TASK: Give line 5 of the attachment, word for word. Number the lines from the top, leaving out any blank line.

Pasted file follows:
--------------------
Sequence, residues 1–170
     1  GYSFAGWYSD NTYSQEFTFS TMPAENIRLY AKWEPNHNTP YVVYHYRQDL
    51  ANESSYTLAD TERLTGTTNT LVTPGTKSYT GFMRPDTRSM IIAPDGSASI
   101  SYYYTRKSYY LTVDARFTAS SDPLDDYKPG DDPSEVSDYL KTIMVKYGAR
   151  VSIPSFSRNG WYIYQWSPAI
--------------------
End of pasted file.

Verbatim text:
   151  VSIPSFSRNG WYIYQWSPAI